It was the best of times, it was the worst of times, it was the age of wisdom, it was the age of foolishness, it was the epoch of belief, it was the epoch of incredulity, it was the season of light, it was the season of darkness, it was the spring of hope, it was the winter of despair…
It was the ‘30s when the greatest economic event of the 20th century came in effect. The general mood of the world was that of shock as if it was all ending. The roaring ‘20s were a turning point where the world grew and grew and it looked as if the sky’s the limit.
He was a man of vision, he came in midst of that chaos to offer a way out, he had his supporters and he had his haters, and many would dispute his legacy.
While it wasn’t perfect like every other theory since the world is a complex place and no one theory can explain everything, yet many governments and many leaders took and should take into consideration his work that could offer a way out specially during the tough times.
We’re talking about John Maynard Keynes. Let’s know more about the theory he gave that changed the world.
What is Keynesian Theory?
Keynesian Economics is an economic theory that covers total spending in the economy and how it affects inflation and output.
John Maynard Keynes, a renowned British economist, gave the theory in the 1930s to understand the changing economy due to the Great Depression.
He pushed to lower taxes and increase government expenditures to get out of the situation by stimulating demand. He was of the idea that hiring unemployed individuals can help bring the world economy out of the depression.
He said that governments should spend on social services and infrastructure. According to him, hiring unemployed individuals means they would have a source of income to help them pay bills. He highlighted how hiring one individual can lead to more individuals being hired.
The Great Depression hit the world in 1933 and ended in 1939. Many credit the British economist for bringing the economy out of the depression.
Understanding Keynesian Economics
Keynesian economics gave people the option to look at inflation, spending, and output in a new light. Earlier on, classical economic theories were believed to be true. They held that cyclical swings in economic output and employment would be self-adjusting and modest.
According to classical theories, if aggregate demand fell, the resulting weakness in jobs and production would result in a decline in wages and prices. Lower wages and inflation and would induce employers to take steps to hire more people and increase capital investments, restoring growth and stimulating employment.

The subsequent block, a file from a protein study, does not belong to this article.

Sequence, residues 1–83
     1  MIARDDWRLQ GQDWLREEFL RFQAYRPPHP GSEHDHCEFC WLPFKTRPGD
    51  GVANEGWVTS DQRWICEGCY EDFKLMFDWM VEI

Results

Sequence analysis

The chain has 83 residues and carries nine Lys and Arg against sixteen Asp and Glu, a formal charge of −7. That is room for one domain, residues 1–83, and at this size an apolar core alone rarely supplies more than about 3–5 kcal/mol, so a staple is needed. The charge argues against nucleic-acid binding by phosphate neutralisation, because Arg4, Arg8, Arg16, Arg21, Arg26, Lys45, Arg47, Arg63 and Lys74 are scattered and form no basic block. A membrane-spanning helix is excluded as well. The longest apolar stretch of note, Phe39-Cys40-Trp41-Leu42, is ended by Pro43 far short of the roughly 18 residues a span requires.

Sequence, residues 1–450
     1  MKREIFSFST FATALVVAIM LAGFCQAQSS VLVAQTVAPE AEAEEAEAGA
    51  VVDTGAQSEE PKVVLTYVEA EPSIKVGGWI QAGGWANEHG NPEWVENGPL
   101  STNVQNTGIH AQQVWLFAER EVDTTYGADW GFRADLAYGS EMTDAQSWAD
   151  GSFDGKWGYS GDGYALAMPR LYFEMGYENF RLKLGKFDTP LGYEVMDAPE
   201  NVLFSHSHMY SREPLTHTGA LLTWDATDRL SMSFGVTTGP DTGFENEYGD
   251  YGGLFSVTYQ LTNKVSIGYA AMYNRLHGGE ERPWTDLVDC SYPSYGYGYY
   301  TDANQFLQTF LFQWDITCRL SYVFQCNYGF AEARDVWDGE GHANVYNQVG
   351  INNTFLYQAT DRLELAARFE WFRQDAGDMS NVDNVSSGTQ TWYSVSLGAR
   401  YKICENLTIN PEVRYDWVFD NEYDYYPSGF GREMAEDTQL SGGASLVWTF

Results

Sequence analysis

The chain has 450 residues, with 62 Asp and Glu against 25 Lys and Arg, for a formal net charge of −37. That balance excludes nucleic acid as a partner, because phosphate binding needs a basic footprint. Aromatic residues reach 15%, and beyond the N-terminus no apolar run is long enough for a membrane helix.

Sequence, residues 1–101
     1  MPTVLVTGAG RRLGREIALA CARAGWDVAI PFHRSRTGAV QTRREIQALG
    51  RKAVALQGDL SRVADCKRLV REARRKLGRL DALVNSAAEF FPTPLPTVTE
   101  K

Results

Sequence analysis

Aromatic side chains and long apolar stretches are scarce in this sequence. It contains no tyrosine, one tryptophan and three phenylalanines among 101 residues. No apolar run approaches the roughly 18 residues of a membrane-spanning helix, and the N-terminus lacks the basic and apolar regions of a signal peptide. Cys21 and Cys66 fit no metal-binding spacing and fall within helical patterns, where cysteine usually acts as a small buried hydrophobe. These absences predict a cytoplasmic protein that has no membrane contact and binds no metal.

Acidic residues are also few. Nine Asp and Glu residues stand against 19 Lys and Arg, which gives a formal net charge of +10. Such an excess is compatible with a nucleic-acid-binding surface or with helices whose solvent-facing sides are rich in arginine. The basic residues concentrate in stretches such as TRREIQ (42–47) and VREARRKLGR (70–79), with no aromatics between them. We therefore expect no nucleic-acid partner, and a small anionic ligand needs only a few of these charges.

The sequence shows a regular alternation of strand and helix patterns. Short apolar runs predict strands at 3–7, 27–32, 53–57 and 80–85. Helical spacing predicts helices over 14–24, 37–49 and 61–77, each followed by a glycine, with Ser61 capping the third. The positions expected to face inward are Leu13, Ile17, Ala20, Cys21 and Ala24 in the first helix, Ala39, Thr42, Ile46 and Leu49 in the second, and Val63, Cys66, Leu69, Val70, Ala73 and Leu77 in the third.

This hypothesis, however, was severely tested during the Great Depression.
Keynes talked about this in several of his books including The General Theory of Employment, Interest, and Money. He said that structural rigidities would exacerbate economic fragility and result in aggregate demand to dip further during periods of recession.
His theory disputes the belief that lower wages have the ability to restore employment. He argues that businesses will not opt to add employees if there is no higher demand for the products that they sell. There’s no point in hiring more employees to produce more of something that has no buyers.
Similarly, weak markets may push companies to reduce investment, rather than counting on the opportunity to increase the size of the business by investing in new equipment and plants.
Keynes introduced the Keynesian multiplier that represents the impact of each dollar spending on demand.
For example, if the multiplier is two then it will create $2 of GDP for every $1 of spending. According to most experts, the Keynesian multiplier is one. This means every $1 of government spending will add only $1 to the economy.
The Great Depression and Keynesian Economics
Keynesian economics is also known as “depression economics,” since it was published during the phase when the world was in depression.
The 1936 book received acclaim for explaining economic phenomena during the Great Depression, which previous theories failed to explain. The Great Depression countered older theories as unemployment remained high despite low prices.
This situation inspired Keynes to look at the scenario from a different perspective. He used previous theories to establish real-world applications with implications in the economic crisis.
He rejected the possibility of the economy returning to a natural equilibrium. He presented the idea that once an economy begins to fall down, the gloom and fear that it instills among investors and businesses will eventually become self-fulfilling and can lead to higher unemployment and a longer period of poor economic activity.
He tried to counter the situation by advocating a fiscal policy in which the authorities should take steps to boost consumer spending and investment by undertaking deficit spending.
This was the time when Keynes was vocal against the British government and its policies because the government had taken some bold steps such as cutting welfare spending and raising taxes in order to balance the books.
Keynes argued that such a move will have a negative impact on people. He believed that it will further destabilize the economy by discouraging people to spending their money.
He was against excessive savings during this time, unless it had a specific purpose such as education or retirement. He believed that saving can harm the economy, especially when it’s already performing poorly.
He asked the governments to spend more and push consumer demand to motivate consumers to spend more and save less.
Keynes’ approach wasn’t appreciated right away. In fact, both free-market advocates and classical economists criticized it. They argued that the market has the ability to regulate itself and retain equilibrium.